• Abigail Hall

Norman knitting circle strikes back against sexual abuse, assault

Updated: Feb 20, 2020

Originally published at OU Daily Nov. 29, 2017

Once a month, a group of women from a local knitting circle gather to drink cocktails, work on crafts and empower themselves through conversation on their experience with sexual assault or abuse.

Six years ago, when a knitting circle that Stacey Wright was a member of disbanded she decided to take the reins and start her own. The knitting circle gave Wright a place to gather with other women and build a safe community to process life with, while also being able to connect over a love of crafts.

Wright’s knitting circle began as a small group of people she knew from Norman and grew to include friends and family members of the group. As the knitting circle expanded, the group discovered a common thread: most of them had experienced a form of assault or abuse in their lives.

“Being able to tell your story, speak your truth with people who are not only going to believe you, but who are going to support you through thick and thin, that is rare and powerful and something we desperately need,” Wright said.

Wright said it’s simply statistics. In the United States, 17 percent of women have been or will be victims of sexual violence in their lifetime. However, in Oklahoma, that percentage is raised to 35-45 percent higher than the national average.

On an average meeting night, the knitting circle women curl up on Wright’s couch and floor. They eat snacks and drink cocktails and in their community and conversations they heal.

Rai Fordyce, a member of the knitting circle, has been involved since the beginning. Being in the knitting circle has been a vital part of her life and has given her the ability to share her story with people who not only value her, but who are not frightened by her experiences.

“This is the only place where people will understand,” Fordyce said.

Ashley Morrison, another active member of the knitting circle, said she is inspired daily by the women involved and looks forward to every chance to engage with the circle.

“What I value the most is having a creative experience where I can do things I enjoy, such as cross stitching or knitting, and chat with women I relate to,” Morrison said.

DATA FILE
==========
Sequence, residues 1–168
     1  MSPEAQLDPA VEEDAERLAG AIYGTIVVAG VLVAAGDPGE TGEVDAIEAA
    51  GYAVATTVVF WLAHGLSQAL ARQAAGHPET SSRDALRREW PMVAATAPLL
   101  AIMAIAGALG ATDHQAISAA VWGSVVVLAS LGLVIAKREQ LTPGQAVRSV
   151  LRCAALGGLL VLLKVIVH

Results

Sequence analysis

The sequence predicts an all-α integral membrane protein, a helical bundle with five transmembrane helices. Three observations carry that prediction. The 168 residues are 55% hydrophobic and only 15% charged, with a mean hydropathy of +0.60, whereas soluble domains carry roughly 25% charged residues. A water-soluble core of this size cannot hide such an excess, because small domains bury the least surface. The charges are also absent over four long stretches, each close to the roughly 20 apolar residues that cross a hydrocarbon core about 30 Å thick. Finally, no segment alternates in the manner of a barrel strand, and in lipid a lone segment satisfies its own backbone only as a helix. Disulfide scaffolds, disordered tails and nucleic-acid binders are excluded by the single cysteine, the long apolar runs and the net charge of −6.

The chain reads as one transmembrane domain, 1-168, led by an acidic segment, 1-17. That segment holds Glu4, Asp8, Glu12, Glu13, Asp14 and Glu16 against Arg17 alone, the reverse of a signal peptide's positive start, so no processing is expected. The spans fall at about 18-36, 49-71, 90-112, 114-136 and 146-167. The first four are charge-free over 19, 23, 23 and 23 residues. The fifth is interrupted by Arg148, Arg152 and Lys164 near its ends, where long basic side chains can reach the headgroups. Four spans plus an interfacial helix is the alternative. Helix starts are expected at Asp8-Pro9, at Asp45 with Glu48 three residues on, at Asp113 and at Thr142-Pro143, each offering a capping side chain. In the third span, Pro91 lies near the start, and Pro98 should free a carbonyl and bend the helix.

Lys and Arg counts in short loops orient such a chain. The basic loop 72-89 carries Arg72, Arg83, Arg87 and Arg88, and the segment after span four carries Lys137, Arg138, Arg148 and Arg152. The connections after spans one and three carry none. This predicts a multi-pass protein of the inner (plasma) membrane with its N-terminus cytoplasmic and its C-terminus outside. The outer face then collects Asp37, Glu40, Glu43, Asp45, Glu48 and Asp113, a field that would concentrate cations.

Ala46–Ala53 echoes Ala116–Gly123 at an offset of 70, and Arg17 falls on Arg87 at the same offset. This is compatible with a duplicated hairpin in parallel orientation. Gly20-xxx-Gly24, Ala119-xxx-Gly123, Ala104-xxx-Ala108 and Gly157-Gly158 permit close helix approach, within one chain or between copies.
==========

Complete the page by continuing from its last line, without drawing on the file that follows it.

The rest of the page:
The group contains women of all ages. Wright is the oldest and a grandmother. Some women are just beginning their adult lives, having children, or continuing school. Wright's daughter and nieces stumble through the group from time to time, as well.

In early 2014, Wright’s niece, Danielle Brown, was a student at Norman High School. She told her mother and Wright about a girl attending NHS who had been raped and bullied out of school.

Wright brought the issue to her knitting circle, asking them to help her do something about it.

The following week, Wright’s nieces, friends from the knitting circle, and other women who had heard of the assault came together at Wright’s sister's home to plan what to do. The group established the name "Yes All Daughters." They created a private Facebook page and set a date for a protest at Norman High.

Yes All Daughters received a large turn out. Six-hundred students participated, as well as 1000 citizens who lined the street outside the school. The protest also received national news attention, jumpstarting the knitting circle’s civic engagement.

In the aftermath of the Yes All Daughters protest, Wright continued to establish Yes All Daughters as a tool in the community through introducing legislative bills and instituting better education about these issues in schools.

After the protest, the knitting circle continued in its awareness of social issues and began to join Wright in civic engagement. Members joined her when she hosted events and projects such as writing letters to legislators or participating in a food drive at Norman High School.

Wright suggests those who want to make waves and join the movement begin by having conversations about these issues. In addition to this, she invites groups of friends to form their own knitting circles and communities to discuss these issues and start the healing process.

“There’s tremendous power when women come together and support each other. We found this group strength in coming together and sharing all these different aspects of our lives,” Wright said.

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